Interlayers help perovskite crystallisation for high-performance light-emitting diodes
Scientists at LiU working with colleagues from China have shown how to achieve efficient perovskite light-emitting diodes (LEDs). In an article published in Nature Communications, they provide guidelines on fabricating high-quality perovskite light emitters, and consequently high-efficiency perovskite LEDs.
The halide perovskites, which are defined by their crystal structures, can be easily prepared by low-cost solution processing from precursor solution comprising metal halides and organic halides. The resulting perovskites possess excellent optical and electrical properties, making them promising candidates for various kinds of optoelectronic devices, such as solar cells, LEDs and photodetectors.
Since solution-processed perovskites contain large amounts of defects, which are mostly halide vacancies, efficient control of the perovskite crystallinity is required for high-performance optoelectronic devices. The research group at LiU, under the leadership of Senior Lecturer Feng Gao, in collaboration with scientists from Nanjing Tech University, and Soochow University in China, has now studied how the precursor components and the interfaces affect the crystallisation process of perovskites.
"We and several other groups found that simply introducing an extra amount of organic halides in the precursor can help to passivate the defects and achieve highly emissive perovskite films" says Zhongcheng Yuan, Ph.D. student in Department of Physics, Chemistry and Biology (IFM) at LiU, who is the first author of the article. The excess organic halides, however, hamper the perovskite crystallisation, resulting in low-conductivity perovskite emissive layers and poor-performance LEDs.
The scientists have now resolved this dilemma by supporting the perovskite crystallisation with a metal oxide, ZnO, which helps to remove a suitable number of the extra organic cations, making it possible for better crystallization. The article in Nature Communications shows how chemical reactions between different metal oxide layers and perovskite layers affect the properties of the thin films of perovskites, and consequently the performance of LEDs.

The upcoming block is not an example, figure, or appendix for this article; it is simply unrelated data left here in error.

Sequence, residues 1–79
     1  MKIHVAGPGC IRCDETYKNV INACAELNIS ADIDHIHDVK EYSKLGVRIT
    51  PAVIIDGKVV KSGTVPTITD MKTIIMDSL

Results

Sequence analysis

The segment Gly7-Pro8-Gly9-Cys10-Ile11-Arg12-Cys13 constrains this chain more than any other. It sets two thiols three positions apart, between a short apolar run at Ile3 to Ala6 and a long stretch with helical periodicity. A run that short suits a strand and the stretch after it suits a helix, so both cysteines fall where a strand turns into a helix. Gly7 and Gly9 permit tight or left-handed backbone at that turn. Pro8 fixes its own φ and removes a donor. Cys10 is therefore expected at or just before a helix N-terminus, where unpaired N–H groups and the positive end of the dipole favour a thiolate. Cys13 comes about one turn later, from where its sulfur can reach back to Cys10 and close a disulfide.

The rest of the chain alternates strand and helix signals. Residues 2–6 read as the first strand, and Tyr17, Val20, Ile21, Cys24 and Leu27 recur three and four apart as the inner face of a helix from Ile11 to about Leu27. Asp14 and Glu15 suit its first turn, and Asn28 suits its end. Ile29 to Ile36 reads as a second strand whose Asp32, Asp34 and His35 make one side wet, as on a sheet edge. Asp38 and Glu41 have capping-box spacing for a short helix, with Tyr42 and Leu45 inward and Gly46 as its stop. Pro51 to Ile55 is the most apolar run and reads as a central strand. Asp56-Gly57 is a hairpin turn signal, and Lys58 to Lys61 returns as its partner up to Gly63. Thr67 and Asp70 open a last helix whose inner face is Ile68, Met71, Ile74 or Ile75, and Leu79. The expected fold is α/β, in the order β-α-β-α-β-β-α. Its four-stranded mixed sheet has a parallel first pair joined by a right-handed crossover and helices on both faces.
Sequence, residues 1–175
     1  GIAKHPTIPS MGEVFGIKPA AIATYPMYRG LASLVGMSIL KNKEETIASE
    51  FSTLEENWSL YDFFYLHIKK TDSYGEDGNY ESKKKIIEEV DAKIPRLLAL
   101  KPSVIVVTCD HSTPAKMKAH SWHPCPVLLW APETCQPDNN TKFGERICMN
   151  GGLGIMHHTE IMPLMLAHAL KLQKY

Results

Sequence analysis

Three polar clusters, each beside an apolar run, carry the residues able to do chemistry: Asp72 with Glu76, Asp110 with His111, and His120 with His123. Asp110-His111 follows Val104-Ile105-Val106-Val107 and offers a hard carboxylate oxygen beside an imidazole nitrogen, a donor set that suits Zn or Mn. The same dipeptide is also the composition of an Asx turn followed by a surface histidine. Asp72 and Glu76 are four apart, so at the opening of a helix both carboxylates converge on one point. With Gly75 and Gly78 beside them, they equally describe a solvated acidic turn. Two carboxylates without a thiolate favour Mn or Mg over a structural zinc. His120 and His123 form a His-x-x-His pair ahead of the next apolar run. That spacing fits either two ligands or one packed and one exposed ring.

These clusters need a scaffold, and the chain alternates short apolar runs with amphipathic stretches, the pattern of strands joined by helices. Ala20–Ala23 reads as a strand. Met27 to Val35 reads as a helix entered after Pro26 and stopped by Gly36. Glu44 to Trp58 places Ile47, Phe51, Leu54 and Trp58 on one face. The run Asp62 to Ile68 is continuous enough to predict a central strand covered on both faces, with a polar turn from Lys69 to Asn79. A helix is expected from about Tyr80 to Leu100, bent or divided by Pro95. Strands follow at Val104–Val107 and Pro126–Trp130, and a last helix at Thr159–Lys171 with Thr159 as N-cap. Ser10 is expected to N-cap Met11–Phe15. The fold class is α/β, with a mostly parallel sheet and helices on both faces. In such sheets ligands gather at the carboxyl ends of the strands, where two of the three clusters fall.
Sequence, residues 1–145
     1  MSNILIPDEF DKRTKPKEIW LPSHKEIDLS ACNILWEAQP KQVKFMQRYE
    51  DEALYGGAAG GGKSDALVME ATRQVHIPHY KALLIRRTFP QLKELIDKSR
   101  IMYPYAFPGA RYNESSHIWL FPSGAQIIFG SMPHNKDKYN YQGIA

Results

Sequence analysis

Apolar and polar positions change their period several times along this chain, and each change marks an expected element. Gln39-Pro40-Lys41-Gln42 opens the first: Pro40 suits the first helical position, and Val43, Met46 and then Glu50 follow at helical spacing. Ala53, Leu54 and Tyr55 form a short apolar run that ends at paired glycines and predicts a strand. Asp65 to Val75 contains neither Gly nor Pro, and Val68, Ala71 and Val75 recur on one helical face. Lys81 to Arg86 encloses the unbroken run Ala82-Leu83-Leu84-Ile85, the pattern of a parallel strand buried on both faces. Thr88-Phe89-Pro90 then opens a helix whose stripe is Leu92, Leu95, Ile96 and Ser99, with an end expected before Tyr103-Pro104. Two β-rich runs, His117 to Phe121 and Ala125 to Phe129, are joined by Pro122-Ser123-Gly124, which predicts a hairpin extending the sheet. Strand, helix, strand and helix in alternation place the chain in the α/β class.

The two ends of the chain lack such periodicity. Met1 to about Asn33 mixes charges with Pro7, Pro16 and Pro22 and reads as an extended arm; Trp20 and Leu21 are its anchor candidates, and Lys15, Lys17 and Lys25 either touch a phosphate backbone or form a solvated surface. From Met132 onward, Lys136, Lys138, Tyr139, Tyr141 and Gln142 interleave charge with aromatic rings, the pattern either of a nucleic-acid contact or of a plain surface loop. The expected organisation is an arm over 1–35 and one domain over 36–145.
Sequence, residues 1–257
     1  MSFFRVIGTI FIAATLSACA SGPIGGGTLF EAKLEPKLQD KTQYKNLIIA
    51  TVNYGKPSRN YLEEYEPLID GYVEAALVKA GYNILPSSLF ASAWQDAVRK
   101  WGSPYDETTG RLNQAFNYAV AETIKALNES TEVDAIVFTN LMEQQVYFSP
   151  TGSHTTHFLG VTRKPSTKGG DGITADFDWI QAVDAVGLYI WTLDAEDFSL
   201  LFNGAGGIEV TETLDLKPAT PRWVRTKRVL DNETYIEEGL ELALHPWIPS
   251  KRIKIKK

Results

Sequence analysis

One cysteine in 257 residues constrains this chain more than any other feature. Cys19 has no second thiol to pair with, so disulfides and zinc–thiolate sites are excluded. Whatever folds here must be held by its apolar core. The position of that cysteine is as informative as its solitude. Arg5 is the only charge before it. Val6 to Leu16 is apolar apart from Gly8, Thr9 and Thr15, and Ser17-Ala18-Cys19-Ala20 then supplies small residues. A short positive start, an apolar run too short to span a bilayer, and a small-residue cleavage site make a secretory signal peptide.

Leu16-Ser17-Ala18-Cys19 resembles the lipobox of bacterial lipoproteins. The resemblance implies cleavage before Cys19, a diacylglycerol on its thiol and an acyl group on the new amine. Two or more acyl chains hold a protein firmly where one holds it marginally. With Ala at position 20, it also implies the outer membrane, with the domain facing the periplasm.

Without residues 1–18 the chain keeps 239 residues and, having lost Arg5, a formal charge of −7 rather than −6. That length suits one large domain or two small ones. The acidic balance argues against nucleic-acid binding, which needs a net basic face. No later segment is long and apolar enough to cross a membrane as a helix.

"We achieve the precise control by taking advantage of the basic nature of zinc oxide, which can selectively remove the undesired organic cations while leaving the desired halide anions," says Sai Bai, research fellow at the Department of Physics, Chemistry and Biology (IFM) at LiU. He and Feng Gao are the principal authors of the article.
This new discovery, in combination with previous results from the same group on dealing with defects in perovskites, has allowed them to fabricate efficient perovskite light-emissive films in the laboratory. The resulting devices give near-infrared LEDs with a quantum efficiency of 19.6%, i.e. 19.6% of the electrons supplied to the device are emitted as light (photons), which is among the best performance for perovskite LEDs in the world.
"Perovskite LEDs are a promising field. Rapid breakthroughs have been witnessed during the past 5 years, but this field is still new and much more work needs to be done before they can be commercially manufactured at a large scale. One critical aspect that needs to be improved is the device stability," says Feng Gao.